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SEA Games 2015 Blog
Finding the extraordinary
This blog tells the stories of our people who are on the SEA Games 2015 journey. From the management team, to organizing committee, volunteers, and our athletes, each one of them will walk a different path but ultimately it will converge towards a common goal – one of pride and glory, with dreams in hand.
30 April 2015
Associate Director, Deloitte Forensic Services and Deloitte SEA Games volunteer
What a year to be in Singapore! With the nation celebrating 50 years of independence, the hype of Singapore hosting the 28th SEA Games, and witnessing the respect the people have for the late Mr Lee Kuan Yew, I have gotten more than a glimpse of what the heart of Singapore is made of.
As a mixed-up Aussie/Kiwi living here for the past 18 months, I have embraced the Singapore culture and way of life as best I can, and in doing so, I am fascinated by how key sport and fitness is to the day-to-day schedule of the country’s citizens. It is quite amazing that at whatever time of the day or night, there seems to be someone going for a run, cycle or boot-scooting dancing (line dancing) lessons. I bumped into a class of line dancers on my first weekend here down by Marina Bay!
Wherever I have lived – New Zealand, Australia, Jamaica, United Kingdom or Singapore – I have always thrown myself into the local sports culture, with varying levels of success, from swimming, kayaking, riding ATVs (All Terrain Vehicles), marathons, triathlons through to unusual events like Tough Mudder (a team-oriented 20km endurance obstacle course). I am also a keen cyclist and squash player and I try to fit in three to four sessions a week, although the humidity here in Singapore does its best to reduce it.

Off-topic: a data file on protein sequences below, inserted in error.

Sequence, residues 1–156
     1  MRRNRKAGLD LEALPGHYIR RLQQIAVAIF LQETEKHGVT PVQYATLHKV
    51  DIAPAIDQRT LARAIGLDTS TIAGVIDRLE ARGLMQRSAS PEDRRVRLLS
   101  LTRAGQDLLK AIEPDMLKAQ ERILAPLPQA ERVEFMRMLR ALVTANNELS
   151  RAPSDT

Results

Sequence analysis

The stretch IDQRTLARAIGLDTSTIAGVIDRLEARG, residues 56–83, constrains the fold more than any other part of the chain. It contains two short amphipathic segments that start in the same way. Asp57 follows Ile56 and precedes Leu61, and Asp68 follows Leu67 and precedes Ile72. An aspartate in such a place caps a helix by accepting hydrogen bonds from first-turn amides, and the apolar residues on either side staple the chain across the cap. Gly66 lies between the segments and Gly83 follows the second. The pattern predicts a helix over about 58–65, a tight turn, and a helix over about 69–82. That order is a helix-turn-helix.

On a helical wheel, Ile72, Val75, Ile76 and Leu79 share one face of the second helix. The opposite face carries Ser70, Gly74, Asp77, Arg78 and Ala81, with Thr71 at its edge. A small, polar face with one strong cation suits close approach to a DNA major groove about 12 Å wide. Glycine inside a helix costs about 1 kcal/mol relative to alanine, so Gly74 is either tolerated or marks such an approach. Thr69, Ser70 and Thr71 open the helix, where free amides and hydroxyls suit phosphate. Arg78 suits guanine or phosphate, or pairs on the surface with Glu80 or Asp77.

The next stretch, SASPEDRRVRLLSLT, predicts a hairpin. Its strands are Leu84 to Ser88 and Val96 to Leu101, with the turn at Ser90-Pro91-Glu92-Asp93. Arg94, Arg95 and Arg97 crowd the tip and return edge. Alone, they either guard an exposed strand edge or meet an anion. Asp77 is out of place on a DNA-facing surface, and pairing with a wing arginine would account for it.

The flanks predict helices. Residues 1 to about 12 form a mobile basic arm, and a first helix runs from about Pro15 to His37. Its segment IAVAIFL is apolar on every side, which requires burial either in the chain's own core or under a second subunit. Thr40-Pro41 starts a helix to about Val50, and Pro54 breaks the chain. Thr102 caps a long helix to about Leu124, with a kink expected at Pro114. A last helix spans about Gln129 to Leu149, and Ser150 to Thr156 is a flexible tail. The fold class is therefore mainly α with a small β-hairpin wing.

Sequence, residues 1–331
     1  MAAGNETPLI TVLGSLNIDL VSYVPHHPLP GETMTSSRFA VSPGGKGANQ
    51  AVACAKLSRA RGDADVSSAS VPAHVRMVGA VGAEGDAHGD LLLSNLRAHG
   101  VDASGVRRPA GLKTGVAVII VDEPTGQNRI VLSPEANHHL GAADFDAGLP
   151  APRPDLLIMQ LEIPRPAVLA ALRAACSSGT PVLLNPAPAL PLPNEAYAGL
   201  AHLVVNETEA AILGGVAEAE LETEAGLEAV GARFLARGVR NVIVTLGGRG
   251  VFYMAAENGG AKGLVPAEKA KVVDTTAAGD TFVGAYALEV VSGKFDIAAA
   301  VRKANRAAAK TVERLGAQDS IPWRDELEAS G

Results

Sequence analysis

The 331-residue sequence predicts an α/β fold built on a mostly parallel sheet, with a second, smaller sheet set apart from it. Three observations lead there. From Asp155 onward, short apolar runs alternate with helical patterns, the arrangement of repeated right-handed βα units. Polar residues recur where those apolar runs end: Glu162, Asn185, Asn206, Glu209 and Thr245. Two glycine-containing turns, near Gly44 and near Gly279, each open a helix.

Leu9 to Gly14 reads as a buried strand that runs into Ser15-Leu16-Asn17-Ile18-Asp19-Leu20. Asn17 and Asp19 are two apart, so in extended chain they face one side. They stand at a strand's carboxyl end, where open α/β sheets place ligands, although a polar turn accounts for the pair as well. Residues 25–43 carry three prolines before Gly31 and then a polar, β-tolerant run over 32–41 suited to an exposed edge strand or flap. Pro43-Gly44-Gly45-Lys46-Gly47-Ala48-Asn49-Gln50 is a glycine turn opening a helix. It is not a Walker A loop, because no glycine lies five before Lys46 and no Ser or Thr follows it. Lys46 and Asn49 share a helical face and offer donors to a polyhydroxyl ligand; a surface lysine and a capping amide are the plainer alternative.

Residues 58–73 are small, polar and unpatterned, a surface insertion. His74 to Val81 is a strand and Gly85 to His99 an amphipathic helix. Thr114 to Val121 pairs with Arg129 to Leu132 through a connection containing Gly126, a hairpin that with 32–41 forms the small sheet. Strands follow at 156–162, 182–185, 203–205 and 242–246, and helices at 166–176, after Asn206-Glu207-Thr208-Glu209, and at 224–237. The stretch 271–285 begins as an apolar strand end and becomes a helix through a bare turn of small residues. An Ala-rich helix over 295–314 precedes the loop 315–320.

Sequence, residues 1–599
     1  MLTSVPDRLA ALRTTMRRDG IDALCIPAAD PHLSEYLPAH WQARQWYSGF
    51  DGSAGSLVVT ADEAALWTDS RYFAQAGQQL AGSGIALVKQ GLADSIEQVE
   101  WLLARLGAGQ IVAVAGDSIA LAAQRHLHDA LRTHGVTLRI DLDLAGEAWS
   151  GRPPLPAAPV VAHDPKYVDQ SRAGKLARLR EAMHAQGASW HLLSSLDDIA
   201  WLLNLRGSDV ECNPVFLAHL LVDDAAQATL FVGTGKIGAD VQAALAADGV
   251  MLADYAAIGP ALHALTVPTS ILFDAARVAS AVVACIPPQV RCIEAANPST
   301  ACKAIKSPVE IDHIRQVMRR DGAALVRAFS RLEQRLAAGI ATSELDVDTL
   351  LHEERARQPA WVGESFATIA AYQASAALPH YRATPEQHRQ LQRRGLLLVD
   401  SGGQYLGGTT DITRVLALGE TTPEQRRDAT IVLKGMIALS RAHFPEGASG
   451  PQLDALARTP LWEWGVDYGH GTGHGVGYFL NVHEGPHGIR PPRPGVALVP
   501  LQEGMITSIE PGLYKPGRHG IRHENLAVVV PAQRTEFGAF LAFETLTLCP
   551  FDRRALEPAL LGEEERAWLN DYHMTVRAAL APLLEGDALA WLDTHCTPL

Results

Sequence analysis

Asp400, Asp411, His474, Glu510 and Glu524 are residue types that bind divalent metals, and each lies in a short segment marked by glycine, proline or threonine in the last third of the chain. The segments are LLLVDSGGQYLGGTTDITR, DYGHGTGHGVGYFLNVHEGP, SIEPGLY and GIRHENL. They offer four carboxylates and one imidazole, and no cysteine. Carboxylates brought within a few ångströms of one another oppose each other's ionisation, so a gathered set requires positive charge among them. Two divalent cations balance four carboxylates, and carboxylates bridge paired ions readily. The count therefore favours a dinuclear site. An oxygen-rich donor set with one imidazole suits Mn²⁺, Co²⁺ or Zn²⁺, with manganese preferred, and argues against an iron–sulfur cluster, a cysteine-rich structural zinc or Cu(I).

Being brought up on the New Zealand religion of rugby, I was introduced to the passion and excitement of being a spectator at big matches and events, and have been to world cups in England, France, Australia and New Zealand. In fact, I caught the inaugural World Club 10s rugby tournament held in Singapore last year, the first sports event that ‘kicked off’ at the brand new National Stadium, and it was great!
With all that being said, how could I pass up the opportunity to participate as a volunteer in the SEA Games, the biggest sporting event in the region and very much a hallmark of the local sports culture? It is exciting to see the passion in the Deloitte volunteers for this year’s SEA Games and it is clear that both the Singaporeans and foreigners volunteering are eager to showcase the best of the country and ensure that the Games is the best yet. After all, it is not every day that the firm you work for is one of the main sponsors!
One of the most fascinating experiences for me during the volunteer training sessions was the discussions around which sport everyone is most keen to watch. For me, I am looking forward to seeing the rugby 7s at the SEA Games and also at next year’s Olympic Games in Rio de Janeiro where I am hoping that the atmosphere is as good as the Hong Kong 7s tournament!
While there will always be fans for the athletic and swimming events, what are also the big draw cards for me are the non-Olympic sports like Sepak Takraw. I first came across Sepak Takraw while visiting friends near Brisbane a few years ago. To me, it looked like a mixture of soccer, volleyball and taekwondo but after watching it for a couple of hours, it became obvious that it is a very unique type of sport. Here is an interesting fact - in the area south of Brisbane, there are over 100 people playing the sport and they just had a new court built, making it Australia’s first purpose built Sepak Takraw facility.
We are now 36 days away from the 28th SEA Games Opening Ceremony and I cannot wait to watch as the teams walk into the stadium and the fireworks are being set off. To be able to participate as a volunteer in the Games and to see unique sports being played in a large-scale multi-sport event is truly special - and with it happening in Singapore’s 50th year, well, that is really the icing on the cake!